Wastewater samples from 11 residence halls on the Pullman campus are being regularly collected and screened as part of the university’s efforts to contain the spread of COVID-19.
The targeted screenings are designed to quickly identify and contain potential infections before they can become outbreaks by requiring COVID-19 testing among those who live in and visit a specific campus facility. Public health officials note that those who are infected with the virus that causes COVID-19 can become infectious to others several days before they start to feel ill.
The process has already been put to the test. Following a positive test result of a sample taken from Global Scholars Hall in January, 81 students were notified that they needed to get tested for COVID-19. University staff used building access data to determine who entered the building during the relevant time period.
“We saw good compliance among the students who were asked to seek out additional COVID-19 testing,” said Guy Palmer, professor of pathology and infectious diseases and one of the leaders of WSU’s COVID-19 task force. He noted that all of those tests came back negative.
A second residence hall with a positive result was detected last week, with one of the 88 students testing positive and being placed into quarantine.
WSU Pullman launched its ongoing targeted screening program on Jan. 4. The process involves collecting wastewater samples from each building twice a week. The collection process is straightforward, with a staff member using a long pole with a receptacle on the end to scoop up the sample.
From there, the sample is taken to the Allen School for Global Animal Health, which runs it through a centrifuge to separate out the sediment. It’s in that sentiment where researchers find the RNA that they need to determine whether the virus is present in the wastewater from a given facility. The sample is then transferred to the Washington Animal Disease Diagnostic Laboratory where the RNA is converted into DNA and then made to replicate itself through a process known as polymerase chain reaction, or PCR.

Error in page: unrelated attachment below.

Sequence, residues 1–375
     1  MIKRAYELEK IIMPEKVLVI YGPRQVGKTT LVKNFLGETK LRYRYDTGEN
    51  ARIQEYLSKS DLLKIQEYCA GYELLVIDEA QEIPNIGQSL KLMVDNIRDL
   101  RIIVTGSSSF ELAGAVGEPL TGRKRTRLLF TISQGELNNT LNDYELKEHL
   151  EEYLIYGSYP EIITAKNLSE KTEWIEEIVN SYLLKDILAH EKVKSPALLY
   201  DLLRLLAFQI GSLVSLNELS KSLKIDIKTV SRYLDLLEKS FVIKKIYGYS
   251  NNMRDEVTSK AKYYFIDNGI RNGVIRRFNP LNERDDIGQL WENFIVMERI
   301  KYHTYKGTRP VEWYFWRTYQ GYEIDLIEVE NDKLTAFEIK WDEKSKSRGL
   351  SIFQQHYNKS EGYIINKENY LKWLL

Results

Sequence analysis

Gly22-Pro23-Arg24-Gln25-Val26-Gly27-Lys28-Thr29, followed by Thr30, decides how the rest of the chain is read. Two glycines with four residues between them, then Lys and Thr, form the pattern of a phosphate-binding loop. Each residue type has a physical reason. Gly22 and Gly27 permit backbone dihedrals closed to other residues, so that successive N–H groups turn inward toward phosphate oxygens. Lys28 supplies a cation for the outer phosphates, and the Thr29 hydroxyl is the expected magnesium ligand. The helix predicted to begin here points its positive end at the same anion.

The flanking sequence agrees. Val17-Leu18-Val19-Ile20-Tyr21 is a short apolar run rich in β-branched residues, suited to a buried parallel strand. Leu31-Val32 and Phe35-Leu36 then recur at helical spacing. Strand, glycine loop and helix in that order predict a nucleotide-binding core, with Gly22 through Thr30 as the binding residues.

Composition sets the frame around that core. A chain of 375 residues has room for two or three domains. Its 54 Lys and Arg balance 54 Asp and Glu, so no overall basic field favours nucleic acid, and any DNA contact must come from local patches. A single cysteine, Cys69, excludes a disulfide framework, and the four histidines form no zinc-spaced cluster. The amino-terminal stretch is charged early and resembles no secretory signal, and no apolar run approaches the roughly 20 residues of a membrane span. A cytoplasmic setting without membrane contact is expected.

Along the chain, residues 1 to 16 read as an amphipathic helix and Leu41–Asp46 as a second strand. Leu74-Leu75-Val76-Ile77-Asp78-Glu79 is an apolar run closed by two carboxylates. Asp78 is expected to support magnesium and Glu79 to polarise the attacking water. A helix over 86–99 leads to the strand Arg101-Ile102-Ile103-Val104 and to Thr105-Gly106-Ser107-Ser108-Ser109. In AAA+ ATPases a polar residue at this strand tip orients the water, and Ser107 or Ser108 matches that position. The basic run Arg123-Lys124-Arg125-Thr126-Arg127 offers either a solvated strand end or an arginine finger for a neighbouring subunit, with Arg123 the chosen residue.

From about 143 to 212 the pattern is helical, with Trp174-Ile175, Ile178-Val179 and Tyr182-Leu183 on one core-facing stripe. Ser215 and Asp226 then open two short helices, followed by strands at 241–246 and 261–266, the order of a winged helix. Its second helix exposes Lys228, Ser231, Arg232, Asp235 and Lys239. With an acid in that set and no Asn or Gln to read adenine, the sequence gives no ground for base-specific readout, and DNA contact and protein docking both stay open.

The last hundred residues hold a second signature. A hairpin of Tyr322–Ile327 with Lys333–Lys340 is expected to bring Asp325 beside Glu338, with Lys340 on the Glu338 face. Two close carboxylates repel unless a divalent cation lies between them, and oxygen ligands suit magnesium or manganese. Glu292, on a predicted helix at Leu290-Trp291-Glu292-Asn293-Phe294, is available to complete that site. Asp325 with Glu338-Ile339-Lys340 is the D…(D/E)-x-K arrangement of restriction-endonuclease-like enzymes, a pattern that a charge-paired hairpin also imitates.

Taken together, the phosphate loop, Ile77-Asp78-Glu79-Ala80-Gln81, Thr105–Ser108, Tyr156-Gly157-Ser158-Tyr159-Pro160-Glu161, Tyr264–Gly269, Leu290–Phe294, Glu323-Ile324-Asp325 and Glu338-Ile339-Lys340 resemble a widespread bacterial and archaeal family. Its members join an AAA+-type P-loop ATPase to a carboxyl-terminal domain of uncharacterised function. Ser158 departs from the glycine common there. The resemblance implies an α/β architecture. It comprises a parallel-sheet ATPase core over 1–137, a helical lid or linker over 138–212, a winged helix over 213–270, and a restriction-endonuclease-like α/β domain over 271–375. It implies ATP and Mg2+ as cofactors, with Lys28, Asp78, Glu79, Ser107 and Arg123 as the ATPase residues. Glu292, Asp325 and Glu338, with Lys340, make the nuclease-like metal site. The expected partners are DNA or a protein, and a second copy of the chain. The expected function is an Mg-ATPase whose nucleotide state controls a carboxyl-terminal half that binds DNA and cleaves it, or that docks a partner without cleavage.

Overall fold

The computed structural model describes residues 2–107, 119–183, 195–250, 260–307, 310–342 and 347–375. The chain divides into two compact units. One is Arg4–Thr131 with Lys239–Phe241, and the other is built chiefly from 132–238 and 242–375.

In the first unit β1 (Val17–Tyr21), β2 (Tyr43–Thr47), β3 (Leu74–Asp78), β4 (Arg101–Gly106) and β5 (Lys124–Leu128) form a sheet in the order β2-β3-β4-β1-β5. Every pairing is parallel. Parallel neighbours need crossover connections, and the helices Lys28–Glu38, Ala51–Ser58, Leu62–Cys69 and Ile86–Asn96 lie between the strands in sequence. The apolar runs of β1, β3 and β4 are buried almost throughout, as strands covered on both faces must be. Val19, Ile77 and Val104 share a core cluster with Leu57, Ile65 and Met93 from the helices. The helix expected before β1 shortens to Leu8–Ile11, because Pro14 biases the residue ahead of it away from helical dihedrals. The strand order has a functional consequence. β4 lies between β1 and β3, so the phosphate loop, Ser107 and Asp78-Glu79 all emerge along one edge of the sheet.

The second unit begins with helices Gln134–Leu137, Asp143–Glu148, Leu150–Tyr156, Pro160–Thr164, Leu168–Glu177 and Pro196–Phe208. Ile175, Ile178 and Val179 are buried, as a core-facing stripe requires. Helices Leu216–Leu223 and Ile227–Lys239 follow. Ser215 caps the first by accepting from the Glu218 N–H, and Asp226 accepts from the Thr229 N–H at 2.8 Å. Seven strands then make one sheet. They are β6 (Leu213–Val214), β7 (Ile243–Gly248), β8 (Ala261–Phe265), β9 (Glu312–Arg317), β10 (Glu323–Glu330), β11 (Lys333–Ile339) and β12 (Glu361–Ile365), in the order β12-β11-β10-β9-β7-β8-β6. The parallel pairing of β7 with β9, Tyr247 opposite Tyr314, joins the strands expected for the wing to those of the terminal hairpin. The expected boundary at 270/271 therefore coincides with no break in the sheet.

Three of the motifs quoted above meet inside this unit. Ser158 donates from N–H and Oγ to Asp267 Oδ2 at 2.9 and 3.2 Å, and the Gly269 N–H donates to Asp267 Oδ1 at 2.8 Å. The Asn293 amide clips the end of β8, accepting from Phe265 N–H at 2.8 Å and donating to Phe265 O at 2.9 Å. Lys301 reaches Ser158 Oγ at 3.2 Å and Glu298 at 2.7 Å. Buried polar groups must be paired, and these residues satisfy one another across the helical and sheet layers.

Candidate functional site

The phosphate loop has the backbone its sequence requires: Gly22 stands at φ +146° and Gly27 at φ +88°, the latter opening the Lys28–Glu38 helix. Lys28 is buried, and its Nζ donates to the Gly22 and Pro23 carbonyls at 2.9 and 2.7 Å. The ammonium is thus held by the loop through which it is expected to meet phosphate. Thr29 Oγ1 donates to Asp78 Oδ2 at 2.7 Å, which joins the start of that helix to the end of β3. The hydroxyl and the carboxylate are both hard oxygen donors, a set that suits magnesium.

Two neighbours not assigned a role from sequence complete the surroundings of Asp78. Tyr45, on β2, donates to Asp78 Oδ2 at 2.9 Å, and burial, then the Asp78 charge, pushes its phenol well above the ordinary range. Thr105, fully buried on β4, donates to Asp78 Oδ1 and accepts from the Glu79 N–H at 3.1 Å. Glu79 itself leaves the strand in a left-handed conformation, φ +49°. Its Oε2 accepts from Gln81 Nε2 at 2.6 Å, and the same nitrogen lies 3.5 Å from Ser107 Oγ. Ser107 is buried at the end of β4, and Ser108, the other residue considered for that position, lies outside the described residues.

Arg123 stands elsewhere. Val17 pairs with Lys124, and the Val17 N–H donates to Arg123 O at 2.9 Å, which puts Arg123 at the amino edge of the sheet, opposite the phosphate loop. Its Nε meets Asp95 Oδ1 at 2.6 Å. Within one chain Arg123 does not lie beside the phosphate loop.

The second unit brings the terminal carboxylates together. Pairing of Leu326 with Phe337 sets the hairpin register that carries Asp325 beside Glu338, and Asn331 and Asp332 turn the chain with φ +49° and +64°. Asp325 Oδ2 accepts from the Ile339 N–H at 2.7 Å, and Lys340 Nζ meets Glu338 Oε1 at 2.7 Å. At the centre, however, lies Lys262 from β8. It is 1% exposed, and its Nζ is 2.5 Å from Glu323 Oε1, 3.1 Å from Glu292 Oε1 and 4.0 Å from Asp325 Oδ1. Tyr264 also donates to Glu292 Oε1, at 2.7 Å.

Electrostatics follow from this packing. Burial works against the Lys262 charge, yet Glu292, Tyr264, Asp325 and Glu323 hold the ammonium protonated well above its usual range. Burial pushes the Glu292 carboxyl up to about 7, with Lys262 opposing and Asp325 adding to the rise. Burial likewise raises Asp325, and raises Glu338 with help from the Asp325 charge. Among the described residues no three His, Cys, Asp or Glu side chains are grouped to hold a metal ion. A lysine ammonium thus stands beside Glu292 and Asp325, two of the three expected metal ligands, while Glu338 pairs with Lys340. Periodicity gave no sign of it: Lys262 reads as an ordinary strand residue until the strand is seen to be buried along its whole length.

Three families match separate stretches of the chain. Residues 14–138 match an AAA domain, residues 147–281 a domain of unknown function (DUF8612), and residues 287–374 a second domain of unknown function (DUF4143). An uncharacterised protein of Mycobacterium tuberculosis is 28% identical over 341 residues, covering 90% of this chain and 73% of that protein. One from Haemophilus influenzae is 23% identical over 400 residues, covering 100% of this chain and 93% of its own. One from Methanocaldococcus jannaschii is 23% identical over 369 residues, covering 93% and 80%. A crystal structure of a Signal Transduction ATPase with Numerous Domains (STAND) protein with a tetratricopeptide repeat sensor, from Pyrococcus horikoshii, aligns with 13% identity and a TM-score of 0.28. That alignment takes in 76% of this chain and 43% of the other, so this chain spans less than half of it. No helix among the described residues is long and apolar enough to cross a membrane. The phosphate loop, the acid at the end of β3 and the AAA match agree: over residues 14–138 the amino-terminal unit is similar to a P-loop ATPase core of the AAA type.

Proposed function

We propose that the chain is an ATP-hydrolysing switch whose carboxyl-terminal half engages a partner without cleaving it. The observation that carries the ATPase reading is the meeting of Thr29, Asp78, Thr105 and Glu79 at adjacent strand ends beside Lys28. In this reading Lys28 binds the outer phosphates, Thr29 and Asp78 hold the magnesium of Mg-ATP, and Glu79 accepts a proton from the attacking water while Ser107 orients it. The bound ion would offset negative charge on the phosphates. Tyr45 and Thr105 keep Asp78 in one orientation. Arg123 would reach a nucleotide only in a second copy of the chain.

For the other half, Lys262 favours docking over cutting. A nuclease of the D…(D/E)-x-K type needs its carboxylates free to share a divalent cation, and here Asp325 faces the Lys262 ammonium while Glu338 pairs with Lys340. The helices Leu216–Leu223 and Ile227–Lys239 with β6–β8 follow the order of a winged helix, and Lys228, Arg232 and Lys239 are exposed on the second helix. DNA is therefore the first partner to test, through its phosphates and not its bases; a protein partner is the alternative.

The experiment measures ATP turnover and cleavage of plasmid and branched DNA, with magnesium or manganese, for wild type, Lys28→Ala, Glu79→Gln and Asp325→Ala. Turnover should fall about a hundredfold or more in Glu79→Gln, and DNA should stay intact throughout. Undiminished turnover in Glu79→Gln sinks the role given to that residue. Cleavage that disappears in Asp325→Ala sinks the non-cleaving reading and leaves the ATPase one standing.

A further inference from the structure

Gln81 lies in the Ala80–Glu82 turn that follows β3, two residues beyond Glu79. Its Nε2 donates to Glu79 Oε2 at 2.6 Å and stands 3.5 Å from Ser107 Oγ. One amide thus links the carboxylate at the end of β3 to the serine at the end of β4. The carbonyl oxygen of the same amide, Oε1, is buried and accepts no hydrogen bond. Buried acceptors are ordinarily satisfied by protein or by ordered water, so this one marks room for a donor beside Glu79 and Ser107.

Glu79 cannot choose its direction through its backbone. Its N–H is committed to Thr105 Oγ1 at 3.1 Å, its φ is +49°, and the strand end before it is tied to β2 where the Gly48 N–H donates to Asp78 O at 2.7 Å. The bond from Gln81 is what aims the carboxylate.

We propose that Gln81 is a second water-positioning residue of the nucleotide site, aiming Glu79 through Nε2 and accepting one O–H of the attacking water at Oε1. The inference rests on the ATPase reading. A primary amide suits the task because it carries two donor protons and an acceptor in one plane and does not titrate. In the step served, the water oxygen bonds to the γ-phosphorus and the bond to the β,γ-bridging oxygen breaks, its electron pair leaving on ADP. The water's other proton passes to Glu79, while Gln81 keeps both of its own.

A sample is considered positive if it is detected within 40 PCR reproduction cycles. In the case of the Global Scholars Hall screening, the virus that causes COVID-19 was detected on the 37th cycle.
“The results indicate it could be that an infected individual used the facilities, it could be someone was previously positive, as the virus will shed in stool long after stopped transmitting, or it could be false positive in the lab, which is rare but does happen,” Palmer explained. “We treated this situation as if it indicated one or more positive individuals were in the building, and tested everyone that had access to that facility on that day, which all have been negative.”
That broad response is necessary because, unlike with nasal swabs, the sample collected cannot be tied to a specific person. It’s why samples need to be collected from the outflow of a specific building, and why samples collected from a site like the Whitman County Wastewater Treatment wouldn’t be as helpful because any positive samples couldn’t be tied to a specific building.
The university anticipates as many as 3,000 students may be required to seek out additional COVID-19 tests as a result of targeted screening processes.
In addition to screenings on the Pullman campus, the WSU lab is also running samples collected twice a week at each of Pullman’s elementary schools. All of these tests have been negative so far, Palmer said. Results typically are available 24 hours after samples are submitted.
While no other off-campus testing is taking place, it’s possible that it could be done at apartment complexes in the College Hill neighborhood. The difficulty would come in determining who was at a building at a specific time if a sample comes back positive. It’s also possible that WSU could analyze samples from Pullman’s middle and high schools once students return to in-person learning, Palmer said.